The Cold War aftermath
- After the destruction of the Soviet Union, Russia significantly cut military spending, and restructure of the economy left millions of people unemployed. The capitalist reforms culminated in a recession during the early 1990s, more severe than the Great Depression, as experienced by Germany and the United States.
- The Cold War continues to have an impact on world affairs. The world after the Cold War is considered to be unipolar, with the U.S. as the sole remaining superpower. The Cold War distinctly defined the political role of the U.S. after World War II—by 1989, the nation had military alliances with 50 countries, with 526,000 troops stationed abroad, with 130,000 in Asia and 326,000). The Cold War also marked the peak of peacetime military-industrial complexes, especially in the U.S., and significant military funding of science. These complexes, even though their origins may be found as early as the 19th century, increased significantly during the Cold War. Some experts believe that up to 50 nuclear weapons were lost during the Cold War.
- Total U.S. military expenses throughout the entire Cold War were estimated at $8 trillion. Further, almost 100,000 Americans lost their lives in the Vietnam and Korean Wars. Even though Soviet casualties are hard to estimate, as a share of their gross national product, the financial cost for the USSR was considerably higher than in the United States.
- Besides the loss of life by uniformed soldiers, millions died in the proxy wars around the world, especially in Southeast Asia. The majority of the proxy wars and subsidies for local conflicts ended along with the Cold War; ethnic wars, interstate wars, revolutionary wars, as well as displaced and refugee person crises have declined distinctly in the post-Cold War years.
- However, the consequence of the Cold War is not considered to be concluded. Many of the social and economic tensions that were used to fuel Cold War competition in parts of the Third World remain sharp. The breakdown of state control in several areas previously ruled by communist governments produced new ethnic and civil conflicts, especially in the former Yugoslavia. In Eastern and Central Europe, the end of the Cold War has led by an era of economic growth and an increased number of liberal democracies, while in other parts of the world, like Afghanistan, independence was followed by state failure.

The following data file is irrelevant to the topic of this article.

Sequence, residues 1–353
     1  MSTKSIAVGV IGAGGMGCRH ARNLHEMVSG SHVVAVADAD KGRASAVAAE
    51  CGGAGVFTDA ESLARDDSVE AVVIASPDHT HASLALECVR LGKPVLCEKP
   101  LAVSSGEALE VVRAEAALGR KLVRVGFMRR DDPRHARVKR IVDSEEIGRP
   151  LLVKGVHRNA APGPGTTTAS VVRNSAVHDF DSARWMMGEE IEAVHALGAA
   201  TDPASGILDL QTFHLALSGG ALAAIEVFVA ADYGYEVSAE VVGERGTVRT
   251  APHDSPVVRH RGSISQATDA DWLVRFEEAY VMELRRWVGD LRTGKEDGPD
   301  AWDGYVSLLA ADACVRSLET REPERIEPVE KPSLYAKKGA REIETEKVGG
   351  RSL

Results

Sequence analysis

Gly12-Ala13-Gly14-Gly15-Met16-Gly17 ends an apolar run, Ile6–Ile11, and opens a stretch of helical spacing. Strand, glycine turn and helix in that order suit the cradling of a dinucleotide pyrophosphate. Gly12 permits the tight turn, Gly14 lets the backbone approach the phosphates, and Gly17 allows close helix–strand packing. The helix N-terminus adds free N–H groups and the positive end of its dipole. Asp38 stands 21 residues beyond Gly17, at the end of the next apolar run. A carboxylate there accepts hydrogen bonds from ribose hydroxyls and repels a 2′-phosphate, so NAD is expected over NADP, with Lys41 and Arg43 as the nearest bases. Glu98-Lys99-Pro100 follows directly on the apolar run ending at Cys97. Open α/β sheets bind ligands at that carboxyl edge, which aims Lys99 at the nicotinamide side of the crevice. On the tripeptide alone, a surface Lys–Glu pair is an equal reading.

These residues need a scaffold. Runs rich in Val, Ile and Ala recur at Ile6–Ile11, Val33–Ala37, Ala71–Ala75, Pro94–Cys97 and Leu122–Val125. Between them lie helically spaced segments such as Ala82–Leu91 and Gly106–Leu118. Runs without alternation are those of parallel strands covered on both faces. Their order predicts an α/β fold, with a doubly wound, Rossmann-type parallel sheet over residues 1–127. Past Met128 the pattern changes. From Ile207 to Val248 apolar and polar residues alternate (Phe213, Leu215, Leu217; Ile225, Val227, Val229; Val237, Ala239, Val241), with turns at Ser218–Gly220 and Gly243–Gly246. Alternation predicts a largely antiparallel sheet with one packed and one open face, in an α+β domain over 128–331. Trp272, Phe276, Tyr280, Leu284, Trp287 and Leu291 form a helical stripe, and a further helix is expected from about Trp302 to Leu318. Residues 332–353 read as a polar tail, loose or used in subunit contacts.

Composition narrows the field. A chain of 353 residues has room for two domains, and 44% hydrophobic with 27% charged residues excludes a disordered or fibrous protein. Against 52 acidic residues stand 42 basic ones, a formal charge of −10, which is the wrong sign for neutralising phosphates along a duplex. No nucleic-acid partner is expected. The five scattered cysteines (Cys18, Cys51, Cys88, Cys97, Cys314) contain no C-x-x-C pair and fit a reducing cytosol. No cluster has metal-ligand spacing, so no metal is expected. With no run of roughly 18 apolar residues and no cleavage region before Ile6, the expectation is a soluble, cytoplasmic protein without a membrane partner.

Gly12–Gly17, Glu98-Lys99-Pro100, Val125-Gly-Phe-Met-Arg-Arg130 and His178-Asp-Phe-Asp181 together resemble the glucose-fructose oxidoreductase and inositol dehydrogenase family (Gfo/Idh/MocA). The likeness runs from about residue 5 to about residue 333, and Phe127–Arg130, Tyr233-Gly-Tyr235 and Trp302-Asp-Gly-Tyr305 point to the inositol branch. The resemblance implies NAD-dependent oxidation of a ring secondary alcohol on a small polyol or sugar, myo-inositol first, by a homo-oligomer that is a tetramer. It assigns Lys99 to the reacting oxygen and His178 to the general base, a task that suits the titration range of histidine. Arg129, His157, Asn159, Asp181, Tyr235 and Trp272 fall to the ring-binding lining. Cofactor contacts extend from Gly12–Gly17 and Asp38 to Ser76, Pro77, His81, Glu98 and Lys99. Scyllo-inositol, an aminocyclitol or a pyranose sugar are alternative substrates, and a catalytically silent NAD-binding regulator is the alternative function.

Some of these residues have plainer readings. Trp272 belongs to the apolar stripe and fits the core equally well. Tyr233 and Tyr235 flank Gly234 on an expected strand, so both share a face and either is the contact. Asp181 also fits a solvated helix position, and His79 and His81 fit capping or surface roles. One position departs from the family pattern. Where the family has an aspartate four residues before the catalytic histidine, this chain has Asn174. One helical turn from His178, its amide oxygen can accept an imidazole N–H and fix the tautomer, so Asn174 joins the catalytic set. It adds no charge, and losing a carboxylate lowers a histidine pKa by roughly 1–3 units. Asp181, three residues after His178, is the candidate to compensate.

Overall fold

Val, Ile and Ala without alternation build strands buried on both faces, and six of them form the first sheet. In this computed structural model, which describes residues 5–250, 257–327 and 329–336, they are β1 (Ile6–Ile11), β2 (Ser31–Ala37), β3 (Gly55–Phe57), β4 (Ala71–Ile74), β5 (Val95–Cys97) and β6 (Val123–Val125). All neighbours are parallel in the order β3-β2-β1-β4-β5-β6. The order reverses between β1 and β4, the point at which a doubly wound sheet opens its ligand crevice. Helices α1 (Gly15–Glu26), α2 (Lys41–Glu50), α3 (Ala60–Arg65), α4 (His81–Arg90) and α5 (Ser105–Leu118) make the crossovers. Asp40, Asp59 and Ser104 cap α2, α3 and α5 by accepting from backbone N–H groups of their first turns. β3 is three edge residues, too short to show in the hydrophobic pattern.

In popular culture
During the Cold War, both the U.S. and the USSR were heavily invested in propaganda intended to influence people around the world, especially by using motion pictures. The Cold War continues to exist as a popular subject reflected broadly in entertainment media and continuing to the present with many post-1991 Cold War-themed feature movies, television, novels, and other media.
- When the term “Cold War” was popularized to refer to post-war tensions between the Soviet Union and the United States, describing the development and roots of the conflict has been a cause of fiery controversy among political scientists, historians, and journalists.
- Historians have sharply disagreed about who was accountable for the breakdown of relations between Soviet and the U.S. relations after the Second World War, and whether the dispute between the two superpowers was inevitable, or possibly could have been avoided. Historians also argue on what precisely the Cold War represented, what the origins of the conflict were, and how to disentangle actions and reactions between the two sides.
- Even though explanations of the roots of the conflict in academic discussions are diverse and complex, some general schools of thought on the subject can be identified. Historians commonly divide into three different approaches to the study of the Cold War: “revisionism,” “post-revisionism,” and “orthodox” accounts.